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Tell me please what is the difference between the following sentences.

1 "Mike is going to sing at night."
2 "Mike is going to sing on the night."

Actually I thought that the preposition "at" have to be used before the word "night", but I have recently come across " on the night", so I am confused.

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    Could you give any examples of "on the night" you have found? As a native speaker, it's not a common phrase and I imagine would tend to be found in literature more than speech. EDIT: Or is "on the night" in the context of "he is going to sing on the night of the 20th January?"
    – user68033
    Jan 19, 2018 at 16:37
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    @bilkokuya I interpreted the question as such as well in my answer. Unless the OP is studying archaic phrasing, I wouldn't expect them to see that wording. Jan 19, 2018 at 16:46
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    on the night on its own does not exist.
    – Lambie
    Jan 19, 2018 at 17:53

2 Answers 2

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The second sentence, 'Mike is going to sing on the night,' can't be used on its own, but it's still correct.

In English, we usually use 'on the night' to describe a specific night. Of the various examples I could use, there are a few basic forms:

Implicit Specification

Mike is actually a target for an assassination attempt by a terror organization. In all their correspondences between each other, they refer to 'the night,' though it's never stated that 'the night' is when they execute their plan (and Mike.)

In this case, sentences that refer to 'the night' are implicitly assumed to mean that night.

For example:

Remember that Mike will be singing on the night. We need to take him out on stage.

Inferred Specification

If, in a previous sentence, 'the night' is identified, then the value is used by inference. @Billy Kerr provided an excellent example of this in the comments:

The concert will be held on Friday evening. It's going to be wonderful. Mike will sing on the night.

In this case, 'the night' refers to Friday evening.

Extended Literal Specification

Maybe the sentence you provided wasn't complete. If I were to complete it, I'd expand it to something like:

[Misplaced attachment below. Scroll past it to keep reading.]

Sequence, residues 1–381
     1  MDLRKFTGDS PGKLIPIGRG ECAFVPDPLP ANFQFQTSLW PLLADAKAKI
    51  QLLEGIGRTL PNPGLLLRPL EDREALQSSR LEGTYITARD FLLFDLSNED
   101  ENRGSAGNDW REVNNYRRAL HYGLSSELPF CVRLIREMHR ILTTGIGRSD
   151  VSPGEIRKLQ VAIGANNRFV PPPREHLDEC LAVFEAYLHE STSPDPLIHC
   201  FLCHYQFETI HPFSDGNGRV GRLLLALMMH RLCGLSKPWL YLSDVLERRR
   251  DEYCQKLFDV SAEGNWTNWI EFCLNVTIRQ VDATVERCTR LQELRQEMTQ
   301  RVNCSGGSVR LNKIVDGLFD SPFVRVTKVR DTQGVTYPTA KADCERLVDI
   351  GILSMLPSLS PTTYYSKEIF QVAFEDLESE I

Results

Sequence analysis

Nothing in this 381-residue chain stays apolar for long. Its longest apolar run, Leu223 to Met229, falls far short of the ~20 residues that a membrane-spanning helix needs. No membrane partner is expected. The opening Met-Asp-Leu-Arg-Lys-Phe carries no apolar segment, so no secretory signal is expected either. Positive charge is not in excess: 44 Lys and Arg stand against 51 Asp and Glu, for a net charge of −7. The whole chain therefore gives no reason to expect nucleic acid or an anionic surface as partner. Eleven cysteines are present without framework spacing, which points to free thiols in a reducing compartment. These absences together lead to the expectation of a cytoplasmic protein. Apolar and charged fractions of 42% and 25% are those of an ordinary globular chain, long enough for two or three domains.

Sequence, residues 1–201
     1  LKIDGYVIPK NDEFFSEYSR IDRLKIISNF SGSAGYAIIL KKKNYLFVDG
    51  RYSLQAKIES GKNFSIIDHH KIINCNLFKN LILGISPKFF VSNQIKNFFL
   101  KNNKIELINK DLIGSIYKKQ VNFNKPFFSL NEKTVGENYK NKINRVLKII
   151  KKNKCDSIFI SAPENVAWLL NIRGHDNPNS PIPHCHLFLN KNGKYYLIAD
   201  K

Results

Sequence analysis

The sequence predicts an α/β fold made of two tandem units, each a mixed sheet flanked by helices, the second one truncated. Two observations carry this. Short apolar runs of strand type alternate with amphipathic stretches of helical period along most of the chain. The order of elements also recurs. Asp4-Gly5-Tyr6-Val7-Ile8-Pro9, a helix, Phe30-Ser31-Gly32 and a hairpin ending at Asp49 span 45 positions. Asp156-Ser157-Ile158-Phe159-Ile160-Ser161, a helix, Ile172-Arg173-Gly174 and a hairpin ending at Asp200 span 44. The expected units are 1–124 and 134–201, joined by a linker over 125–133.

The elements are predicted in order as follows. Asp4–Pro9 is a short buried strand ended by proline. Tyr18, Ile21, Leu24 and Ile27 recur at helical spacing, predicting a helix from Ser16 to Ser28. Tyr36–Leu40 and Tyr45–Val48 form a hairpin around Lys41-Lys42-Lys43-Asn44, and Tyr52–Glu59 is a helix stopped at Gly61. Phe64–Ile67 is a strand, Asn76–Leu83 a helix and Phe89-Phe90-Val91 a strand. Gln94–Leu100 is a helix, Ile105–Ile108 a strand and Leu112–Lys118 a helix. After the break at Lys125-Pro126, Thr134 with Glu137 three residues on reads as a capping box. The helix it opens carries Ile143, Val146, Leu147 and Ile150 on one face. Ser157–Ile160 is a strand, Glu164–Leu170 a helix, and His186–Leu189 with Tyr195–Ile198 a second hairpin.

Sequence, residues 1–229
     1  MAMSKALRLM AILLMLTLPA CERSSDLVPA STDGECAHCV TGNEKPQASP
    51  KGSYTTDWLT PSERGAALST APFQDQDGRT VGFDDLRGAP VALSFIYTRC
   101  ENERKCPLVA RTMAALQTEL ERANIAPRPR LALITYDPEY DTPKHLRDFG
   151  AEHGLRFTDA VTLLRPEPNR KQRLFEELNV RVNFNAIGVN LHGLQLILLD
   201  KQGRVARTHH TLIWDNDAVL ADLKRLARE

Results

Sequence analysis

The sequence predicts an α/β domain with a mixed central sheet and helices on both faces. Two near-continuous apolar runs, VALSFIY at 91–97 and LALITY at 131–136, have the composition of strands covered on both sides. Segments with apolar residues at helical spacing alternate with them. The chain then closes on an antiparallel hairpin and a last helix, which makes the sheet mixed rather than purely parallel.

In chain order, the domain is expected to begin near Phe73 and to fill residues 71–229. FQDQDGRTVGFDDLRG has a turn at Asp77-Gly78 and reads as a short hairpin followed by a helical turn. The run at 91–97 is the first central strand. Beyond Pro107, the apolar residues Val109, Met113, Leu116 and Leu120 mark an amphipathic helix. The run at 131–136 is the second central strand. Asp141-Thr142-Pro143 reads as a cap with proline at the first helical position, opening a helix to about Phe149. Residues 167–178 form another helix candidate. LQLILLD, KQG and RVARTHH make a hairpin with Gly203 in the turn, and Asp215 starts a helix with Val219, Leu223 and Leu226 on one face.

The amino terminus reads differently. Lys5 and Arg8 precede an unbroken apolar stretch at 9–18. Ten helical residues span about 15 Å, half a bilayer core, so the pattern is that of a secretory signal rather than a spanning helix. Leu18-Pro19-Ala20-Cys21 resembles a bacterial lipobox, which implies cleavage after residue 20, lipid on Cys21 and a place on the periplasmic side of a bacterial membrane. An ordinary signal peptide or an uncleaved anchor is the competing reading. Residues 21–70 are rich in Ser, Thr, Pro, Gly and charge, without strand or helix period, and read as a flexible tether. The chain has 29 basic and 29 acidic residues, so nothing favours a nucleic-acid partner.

Mike is going to sing on the night of the 25th

This explicitly describes which night Mike will sing on within the scope of the sentence.

This usage could be better viewed as an extension of 'on the (date)'. One would logically say

Mike is going to sing on the 25th

which describes when Mike will sing. If we prepend 'the night of' to 'the 25th', then we talk more specifically about when Mike will sing.

Noun Form

If 'On the Night' is the title of a song, then Mike would be singing that song.


In conclusion

You can't use that grammar without the understanding that 'the night' refers to something specific.

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    No! The second sentence is not "grammatically incorrect"! It's a perfectly natural construction in contexts where the night is a specific known upcoming night. Consider the stereotypical theatre director saying: It'll be alright on the night (there will be a specific night when his play will be performed live, and that's what he's referring to). In OP's example the speaker might mean that although some other "stand-in" sang in the rehearsals, Mike will be the one singing on "Opening Night". Jan 19, 2018 at 18:11
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    Oh, oops. I forgot about context dependent wording. Thanks for reminding me! I'll update my answer to include that. Jan 19, 2018 at 18:19
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    I'm afraid I don't think it's fair to say on the night is "grammatically weird" either! It really is perfectly natural phrasing for contexts like my example (or indeed, OP's example, if the speaker is referring to a specific night that the audience already know is the contextually-relevant night). Jan 19, 2018 at 18:26
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    Now with formatting! And quotes! And secret murder plots! Jan 19, 2018 at 19:07
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    ...I think the bottom line is you still don't like the construction for reasons of your own, but I assure you it's perfectly natural English. Jan 20, 2018 at 16:11
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at night refers to the time of day.

Some animals leave their burrows at night.

It is a general term.

the night can be used in a similar way, to refer to the time of day in general terms.

She said she was a nocturnal animal, and that she loved the night.

But when we put the preposition on in front of the phrase, it can acquire a variety of meanings, as Jakob has ably set forth in his answer.

To those meanings we can add the meaning of "about" for on:

We are going to hear a talk by a leading environmental critic of light-pollution. His talk is entitled On The Night.

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